Research Project: Inhibition of NLRP3 inflammasome activation – a new strategy for prevention and treatment of Alzheimer’s Disease and late onset neurodegeneration.
The CART Fund will award Michael Karin Ph.D., University of California, San Diego School of Medicine, a 2017 research grant in the amount of $150,000. The grant will be awarded on May 16, 2017 at a meeting of The CART Fund in Orlando, FL.
Summary of Research Project
Alzheimer’s disease (AD) is the most common form of age-related dementia that exerts an incredible emotional and economic toll on our aging society. Currently, there are no effective treatments for AD or preventive measures that can delay its onset.
Recently, it has become clear that AD and other age-related dementias and cognitive impairments are associated with markers of inflammation. This has led to the hypothesis, which was adopted by our team, that neuroinflammation is the critical pathogenic mechanism connecting neuronal injury to cognitive impairment.
A key player in neuroinflammation is the “NLRP3 inflammasome”, a molecular machine composed of three proteins, the receptor/sensor NLRP3, the adaptor ASC and the effector caspase-1, which controls the production of IL-1β and IL-18, two immune system hormones (cytokines) that control the onset of neuroinflammation. Genetic ablation of the gene coding for NLRP3 in mice prevents age-related cognitive impairment, but effective pharmacological inhibitors of the NLPR3 inflammasome that can be used in the clinic are non-existent.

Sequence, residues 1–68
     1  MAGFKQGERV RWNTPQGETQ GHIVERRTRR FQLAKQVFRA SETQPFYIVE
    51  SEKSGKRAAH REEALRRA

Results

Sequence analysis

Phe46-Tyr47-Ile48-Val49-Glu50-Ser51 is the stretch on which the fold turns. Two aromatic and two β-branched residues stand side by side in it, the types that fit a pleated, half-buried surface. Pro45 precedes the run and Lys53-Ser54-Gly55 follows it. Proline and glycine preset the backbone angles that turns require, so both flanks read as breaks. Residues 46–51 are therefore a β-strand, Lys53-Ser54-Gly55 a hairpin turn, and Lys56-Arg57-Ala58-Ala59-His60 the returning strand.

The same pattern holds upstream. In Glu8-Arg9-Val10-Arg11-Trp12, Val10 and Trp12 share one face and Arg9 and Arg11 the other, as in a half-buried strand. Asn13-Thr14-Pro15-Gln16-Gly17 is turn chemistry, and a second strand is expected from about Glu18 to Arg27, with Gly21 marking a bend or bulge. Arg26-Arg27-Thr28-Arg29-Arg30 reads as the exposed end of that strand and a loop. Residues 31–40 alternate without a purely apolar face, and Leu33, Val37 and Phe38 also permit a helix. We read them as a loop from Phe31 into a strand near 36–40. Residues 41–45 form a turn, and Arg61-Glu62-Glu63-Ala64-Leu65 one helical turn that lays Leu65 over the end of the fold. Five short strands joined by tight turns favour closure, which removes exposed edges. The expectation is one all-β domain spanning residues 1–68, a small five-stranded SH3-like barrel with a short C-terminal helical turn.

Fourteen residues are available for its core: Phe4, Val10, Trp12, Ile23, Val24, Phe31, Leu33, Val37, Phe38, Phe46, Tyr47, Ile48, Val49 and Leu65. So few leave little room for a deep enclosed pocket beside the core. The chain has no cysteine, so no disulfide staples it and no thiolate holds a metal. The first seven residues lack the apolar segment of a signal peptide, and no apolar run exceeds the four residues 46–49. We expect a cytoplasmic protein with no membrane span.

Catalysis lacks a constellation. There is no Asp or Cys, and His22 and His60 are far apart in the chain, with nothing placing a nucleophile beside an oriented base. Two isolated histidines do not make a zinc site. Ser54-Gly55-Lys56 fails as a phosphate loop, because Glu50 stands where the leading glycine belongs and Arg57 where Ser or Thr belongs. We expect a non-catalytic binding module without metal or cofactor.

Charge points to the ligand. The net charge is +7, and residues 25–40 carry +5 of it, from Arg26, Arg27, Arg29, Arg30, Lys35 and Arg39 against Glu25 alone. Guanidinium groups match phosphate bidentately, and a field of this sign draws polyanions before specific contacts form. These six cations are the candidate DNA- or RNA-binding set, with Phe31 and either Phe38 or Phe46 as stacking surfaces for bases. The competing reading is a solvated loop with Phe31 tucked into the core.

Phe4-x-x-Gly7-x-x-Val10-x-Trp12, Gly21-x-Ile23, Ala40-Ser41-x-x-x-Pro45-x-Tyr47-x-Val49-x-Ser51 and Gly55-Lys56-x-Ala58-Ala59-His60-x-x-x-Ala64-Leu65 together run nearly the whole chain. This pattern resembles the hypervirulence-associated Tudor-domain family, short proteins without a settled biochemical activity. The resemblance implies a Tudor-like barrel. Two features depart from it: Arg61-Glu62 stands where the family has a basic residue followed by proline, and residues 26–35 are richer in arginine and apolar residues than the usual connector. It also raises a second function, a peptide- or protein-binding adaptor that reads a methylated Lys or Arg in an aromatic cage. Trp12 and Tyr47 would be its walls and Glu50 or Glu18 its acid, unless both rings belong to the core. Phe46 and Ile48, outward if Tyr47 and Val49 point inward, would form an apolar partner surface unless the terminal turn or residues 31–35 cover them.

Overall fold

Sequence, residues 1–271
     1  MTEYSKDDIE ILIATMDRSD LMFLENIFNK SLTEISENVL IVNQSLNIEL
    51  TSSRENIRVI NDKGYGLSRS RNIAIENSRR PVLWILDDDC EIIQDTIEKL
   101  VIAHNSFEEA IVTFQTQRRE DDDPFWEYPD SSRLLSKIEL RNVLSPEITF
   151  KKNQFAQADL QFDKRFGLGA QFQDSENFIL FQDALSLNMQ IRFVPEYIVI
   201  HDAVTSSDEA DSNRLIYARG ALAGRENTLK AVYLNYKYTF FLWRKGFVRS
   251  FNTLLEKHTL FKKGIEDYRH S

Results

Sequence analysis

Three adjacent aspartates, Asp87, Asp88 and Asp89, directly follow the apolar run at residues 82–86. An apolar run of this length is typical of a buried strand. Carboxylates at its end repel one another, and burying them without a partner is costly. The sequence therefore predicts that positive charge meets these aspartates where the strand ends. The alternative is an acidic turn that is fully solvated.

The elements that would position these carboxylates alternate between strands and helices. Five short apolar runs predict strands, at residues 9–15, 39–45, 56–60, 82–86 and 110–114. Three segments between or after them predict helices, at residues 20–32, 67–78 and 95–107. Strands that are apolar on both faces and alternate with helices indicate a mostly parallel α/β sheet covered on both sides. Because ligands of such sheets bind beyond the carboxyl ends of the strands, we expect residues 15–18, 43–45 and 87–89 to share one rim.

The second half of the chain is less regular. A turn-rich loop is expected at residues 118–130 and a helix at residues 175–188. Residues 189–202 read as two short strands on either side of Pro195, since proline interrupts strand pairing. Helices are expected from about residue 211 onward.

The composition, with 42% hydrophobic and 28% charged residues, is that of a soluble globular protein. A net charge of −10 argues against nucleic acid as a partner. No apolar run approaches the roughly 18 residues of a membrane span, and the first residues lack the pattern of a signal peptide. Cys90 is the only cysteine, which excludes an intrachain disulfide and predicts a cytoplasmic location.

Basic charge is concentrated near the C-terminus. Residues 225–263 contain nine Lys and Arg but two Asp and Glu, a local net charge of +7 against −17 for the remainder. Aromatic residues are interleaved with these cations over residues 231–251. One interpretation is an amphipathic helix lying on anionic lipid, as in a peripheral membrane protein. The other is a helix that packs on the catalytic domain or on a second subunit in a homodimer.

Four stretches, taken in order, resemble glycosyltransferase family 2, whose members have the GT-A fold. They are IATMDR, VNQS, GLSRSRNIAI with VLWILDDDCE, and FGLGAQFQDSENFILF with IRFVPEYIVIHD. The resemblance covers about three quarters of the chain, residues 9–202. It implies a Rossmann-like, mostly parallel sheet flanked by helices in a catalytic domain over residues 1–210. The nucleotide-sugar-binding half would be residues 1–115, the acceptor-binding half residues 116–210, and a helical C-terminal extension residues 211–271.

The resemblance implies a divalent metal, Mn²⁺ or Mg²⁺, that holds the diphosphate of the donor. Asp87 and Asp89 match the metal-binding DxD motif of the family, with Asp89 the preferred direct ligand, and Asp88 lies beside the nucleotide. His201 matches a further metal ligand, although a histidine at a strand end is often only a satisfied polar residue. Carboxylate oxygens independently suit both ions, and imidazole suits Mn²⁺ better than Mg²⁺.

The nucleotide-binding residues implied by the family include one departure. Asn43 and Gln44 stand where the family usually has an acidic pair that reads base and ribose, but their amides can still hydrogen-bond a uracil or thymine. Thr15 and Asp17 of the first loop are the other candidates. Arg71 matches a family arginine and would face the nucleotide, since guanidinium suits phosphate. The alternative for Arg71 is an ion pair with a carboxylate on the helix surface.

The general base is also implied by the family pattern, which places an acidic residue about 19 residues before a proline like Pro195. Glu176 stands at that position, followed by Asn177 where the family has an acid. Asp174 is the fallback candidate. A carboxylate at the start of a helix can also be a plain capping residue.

We have recently identified a new step in NLRP3 inflammasome activation that depends on the synthesis and activity of an enzyme called CMPK2. We will genetically ablate the CMPK2 gene in a mouse model of AD and determine whether this manipulation results in prevention of cognitive loss and amelioration of other AD symptoms. If CMPK2 ablation is curative we will embark on the development of new compounds that specifically inhibit CMPK2 enzymatic activity and will test them for their ability to prevent neuroinflammation and cognitive impairment in mouse AD models.
The Coins for Alzheimer’s Research Trust Fund (CART) is a project of the Rotary Clubs of North America. Founded in 1995 in Sumter SC, CART provides financial support for Alzheimer’s research projects that are yet to be supported by extensive preliminary data but have the potential to substantially advance biomedical research. Learn more at www.cartfund.org